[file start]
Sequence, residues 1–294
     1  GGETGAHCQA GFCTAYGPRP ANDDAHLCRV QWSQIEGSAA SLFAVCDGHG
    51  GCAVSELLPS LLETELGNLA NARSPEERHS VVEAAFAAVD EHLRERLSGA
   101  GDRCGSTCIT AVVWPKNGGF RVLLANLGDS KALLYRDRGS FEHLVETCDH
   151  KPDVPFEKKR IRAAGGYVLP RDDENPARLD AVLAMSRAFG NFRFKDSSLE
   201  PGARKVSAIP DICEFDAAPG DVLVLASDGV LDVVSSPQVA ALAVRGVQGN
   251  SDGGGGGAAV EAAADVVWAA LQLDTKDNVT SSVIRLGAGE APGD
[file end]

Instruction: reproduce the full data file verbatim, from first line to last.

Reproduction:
Sequence, residues 1–294
     1  GGETGAHCQA GFCTAYGPRP ANDDAHLCRV QWSQIEGSAA SLFAVCDGHG
    51  GCAVSELLPS LLETELGNLA NARSPEERHS VVEAAFAAVD EHLRERLSGA
   101  GDRCGSTCIT AVVWPKNGGF RVLLANLGDS KALLYRDRGS FEHLVETCDH
   151  KPDVPFEKKR IRAAGGYVLP RDDENPARLD AVLAMSRAFG NFRFKDSSLE
   201  PGARKVSAIP DICEFDAAPG DVLVLASDGV LDVVSSPQVA ALAVRGVQGN
   251  SDGGGGGAAV EAAADVVWAA LQLDTKDNVT SSVIRLGAGE APGD